Associate Vice President for Enrollment Mertz: SHSU diversity means ‘no need’ for affirmative action

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The US Supreme Court is hearing another affirmative action case, though Sam Houston State University admissions won’t be affected by its outcome. The court is considering whether or not an appellate court’s decision to overturn Michigan’s 2006 college admissions-barring referendum is constitutional.

Sam Houston State University is among the many Texas public universities that use an automatic admission policy for high school students who rank in the top 10 percent of their class.

According to Inside Higher Ed, because of the amount of schools in Texas that have a large minority population, the automatic admission policy covers the need for affirmative action and results in no such affirmative action policy existing in most schools.

Associate Vice President for Enrollment Management Scot Mertz said that SHSU does not use any affirmative action policy because the school is already diverse.

Of the 17,316 students enrolled at SHSU, about 59 percent are white, while blacks and Hispanics each represent 17 percent. Asians comprise 1.2 percent of the student body and 6.5 percent is either unknown or classify themselves as another race.

SHSU political science professor Michael Smith said that the reason the Supreme Court took this case even after the precedent has been set could be because of a growing minority population.

“At this point in our history, Caucasiansà are still the majority of the population, but are not over 50 percent,” Smith said. “If you have more minorities applying to college and the colleges accepting them, there’s no longer a need to force [the colleges] to do it.”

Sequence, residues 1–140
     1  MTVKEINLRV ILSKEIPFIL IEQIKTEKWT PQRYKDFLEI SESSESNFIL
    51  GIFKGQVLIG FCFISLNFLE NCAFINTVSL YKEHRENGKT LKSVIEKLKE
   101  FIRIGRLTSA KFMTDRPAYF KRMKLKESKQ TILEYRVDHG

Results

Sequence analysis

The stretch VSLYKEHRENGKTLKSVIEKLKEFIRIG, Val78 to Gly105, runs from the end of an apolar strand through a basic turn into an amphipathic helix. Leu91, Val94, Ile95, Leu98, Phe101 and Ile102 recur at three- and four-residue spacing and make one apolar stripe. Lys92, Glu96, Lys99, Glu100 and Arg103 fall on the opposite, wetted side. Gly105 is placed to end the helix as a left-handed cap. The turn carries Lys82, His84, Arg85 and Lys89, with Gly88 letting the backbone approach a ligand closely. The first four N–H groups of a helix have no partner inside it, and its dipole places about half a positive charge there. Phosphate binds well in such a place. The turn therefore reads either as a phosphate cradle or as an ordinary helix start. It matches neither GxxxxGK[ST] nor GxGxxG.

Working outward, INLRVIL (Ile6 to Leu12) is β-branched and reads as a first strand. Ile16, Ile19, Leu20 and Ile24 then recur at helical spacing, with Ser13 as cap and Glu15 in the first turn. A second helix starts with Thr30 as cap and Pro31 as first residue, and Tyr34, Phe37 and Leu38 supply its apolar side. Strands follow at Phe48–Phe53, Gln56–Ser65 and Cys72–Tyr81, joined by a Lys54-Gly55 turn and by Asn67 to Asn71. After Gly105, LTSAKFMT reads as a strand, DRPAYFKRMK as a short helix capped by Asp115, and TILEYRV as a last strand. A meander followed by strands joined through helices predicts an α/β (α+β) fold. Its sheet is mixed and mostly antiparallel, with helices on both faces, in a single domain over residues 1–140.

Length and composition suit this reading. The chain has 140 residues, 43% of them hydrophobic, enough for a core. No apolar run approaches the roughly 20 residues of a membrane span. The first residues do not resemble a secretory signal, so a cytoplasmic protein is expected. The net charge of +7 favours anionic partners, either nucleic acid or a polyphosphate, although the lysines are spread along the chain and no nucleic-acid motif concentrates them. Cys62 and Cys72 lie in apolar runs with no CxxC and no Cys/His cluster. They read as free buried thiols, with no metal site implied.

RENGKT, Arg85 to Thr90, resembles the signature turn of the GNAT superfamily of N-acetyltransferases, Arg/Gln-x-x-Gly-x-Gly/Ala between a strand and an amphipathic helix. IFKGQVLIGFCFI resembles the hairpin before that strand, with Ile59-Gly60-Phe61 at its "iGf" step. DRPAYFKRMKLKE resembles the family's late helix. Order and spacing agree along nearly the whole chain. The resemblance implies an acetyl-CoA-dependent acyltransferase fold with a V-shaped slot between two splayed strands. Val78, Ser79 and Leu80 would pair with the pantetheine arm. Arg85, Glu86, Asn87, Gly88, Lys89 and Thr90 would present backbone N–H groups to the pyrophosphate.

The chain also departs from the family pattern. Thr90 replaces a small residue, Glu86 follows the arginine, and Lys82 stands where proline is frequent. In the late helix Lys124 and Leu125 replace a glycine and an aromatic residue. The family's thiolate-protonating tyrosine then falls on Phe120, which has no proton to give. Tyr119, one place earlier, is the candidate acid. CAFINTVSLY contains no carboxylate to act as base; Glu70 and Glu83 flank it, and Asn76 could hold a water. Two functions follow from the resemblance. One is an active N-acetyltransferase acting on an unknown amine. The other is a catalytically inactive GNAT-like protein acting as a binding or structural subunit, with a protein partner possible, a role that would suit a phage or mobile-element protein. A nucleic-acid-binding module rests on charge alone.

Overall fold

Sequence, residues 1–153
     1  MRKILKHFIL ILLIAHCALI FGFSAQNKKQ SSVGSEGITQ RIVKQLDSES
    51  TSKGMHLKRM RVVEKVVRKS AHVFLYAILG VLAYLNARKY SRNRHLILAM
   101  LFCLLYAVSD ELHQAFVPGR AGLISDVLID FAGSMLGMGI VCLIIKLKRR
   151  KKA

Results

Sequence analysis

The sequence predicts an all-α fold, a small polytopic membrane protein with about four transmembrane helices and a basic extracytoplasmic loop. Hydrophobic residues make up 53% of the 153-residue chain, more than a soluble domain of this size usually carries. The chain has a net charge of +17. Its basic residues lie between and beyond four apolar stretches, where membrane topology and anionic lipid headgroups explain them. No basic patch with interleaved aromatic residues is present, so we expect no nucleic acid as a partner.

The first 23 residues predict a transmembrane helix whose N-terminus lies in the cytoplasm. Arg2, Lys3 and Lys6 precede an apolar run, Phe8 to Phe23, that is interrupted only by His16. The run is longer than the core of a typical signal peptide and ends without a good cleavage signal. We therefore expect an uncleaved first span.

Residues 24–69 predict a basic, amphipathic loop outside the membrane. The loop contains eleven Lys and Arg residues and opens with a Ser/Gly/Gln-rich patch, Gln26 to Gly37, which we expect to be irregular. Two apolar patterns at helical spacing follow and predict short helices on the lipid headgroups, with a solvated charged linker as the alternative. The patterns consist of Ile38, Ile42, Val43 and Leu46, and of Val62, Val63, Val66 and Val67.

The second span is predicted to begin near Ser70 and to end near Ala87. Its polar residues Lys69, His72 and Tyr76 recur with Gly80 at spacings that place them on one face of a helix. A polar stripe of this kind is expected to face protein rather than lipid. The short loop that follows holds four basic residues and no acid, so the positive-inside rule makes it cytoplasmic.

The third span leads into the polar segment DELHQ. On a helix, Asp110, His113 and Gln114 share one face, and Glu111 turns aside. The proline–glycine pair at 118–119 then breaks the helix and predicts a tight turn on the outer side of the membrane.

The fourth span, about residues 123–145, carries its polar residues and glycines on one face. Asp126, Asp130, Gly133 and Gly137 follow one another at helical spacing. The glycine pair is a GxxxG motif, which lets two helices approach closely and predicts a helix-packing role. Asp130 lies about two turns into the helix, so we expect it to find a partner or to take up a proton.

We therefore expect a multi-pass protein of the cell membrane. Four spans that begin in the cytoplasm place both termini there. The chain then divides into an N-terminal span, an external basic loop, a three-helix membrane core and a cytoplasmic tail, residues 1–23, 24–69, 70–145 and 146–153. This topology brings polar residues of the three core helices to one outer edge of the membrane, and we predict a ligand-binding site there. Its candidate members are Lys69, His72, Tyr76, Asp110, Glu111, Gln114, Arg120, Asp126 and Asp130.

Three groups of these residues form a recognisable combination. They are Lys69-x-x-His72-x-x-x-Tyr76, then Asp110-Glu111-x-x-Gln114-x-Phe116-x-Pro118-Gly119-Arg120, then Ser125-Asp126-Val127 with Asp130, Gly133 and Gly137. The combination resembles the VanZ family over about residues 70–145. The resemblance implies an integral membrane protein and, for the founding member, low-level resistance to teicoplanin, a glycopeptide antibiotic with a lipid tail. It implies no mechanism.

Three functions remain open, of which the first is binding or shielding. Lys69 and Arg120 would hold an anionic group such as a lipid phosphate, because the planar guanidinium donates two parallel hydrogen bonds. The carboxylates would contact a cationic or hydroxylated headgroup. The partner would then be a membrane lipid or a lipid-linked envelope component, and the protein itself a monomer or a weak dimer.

The Schuette case started when the people of Michigan decided to bar universities from using race and ethnicity in the admissions process in 2006. The US Court of Appeals for the Sixth Circuit overturned the referendum and has placed the issue before the Supreme Court to decide the final ruling.

Another case from 2008, Fisher v. University of Texas, is still being deliberated by the Supreme Court justices. Plaintiff Abigail Fisher claims that UT discriminated against her because she’s white. At the time, UT used Texas’ top 10 percent rule from which 81 percent of Longhorns gained admittance in 2008, according to the official Supreme Court blog.

Precedent was already set by previous affirmative action cases in which the Supreme Court ruled that universities are allowed to use race or gender to determine whether or not to admit a prospective student. University of California v. Bakke was the first landmark case that allowed affirmative action for colleges in 1978.

Another landmark case was Gutter v. Bollinger in 2003 that dictated that the affirmative action taken by University of Michigan Law School was constitutional because it did not use a quota system for admissions.

The Fisher and Schuette cases are both being deliberated by the Supreme Court.

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